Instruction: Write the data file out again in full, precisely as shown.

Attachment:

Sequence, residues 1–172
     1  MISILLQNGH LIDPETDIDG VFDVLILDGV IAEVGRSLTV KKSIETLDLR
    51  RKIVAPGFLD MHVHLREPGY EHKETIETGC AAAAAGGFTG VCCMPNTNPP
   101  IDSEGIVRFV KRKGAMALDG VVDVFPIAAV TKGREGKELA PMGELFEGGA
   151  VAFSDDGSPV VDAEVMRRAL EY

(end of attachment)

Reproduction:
Sequence, residues 1–172
     1  MISILLQNGH LIDPETDIDG VFDVLILDGV IAEVGRSLTV KKSIETLDLR
    51  RKIVAPGFLD MHVHLREPGY EHKETIETGC AAAAAGGFTG VCCMPNTNPP
   101  IDSEGIVRFV KRKGAMALDG VVDVFPIAAV TKGREGKELA PMGELFEGGA
   151  VAFSDDGSPV VDAEVMRRAL EY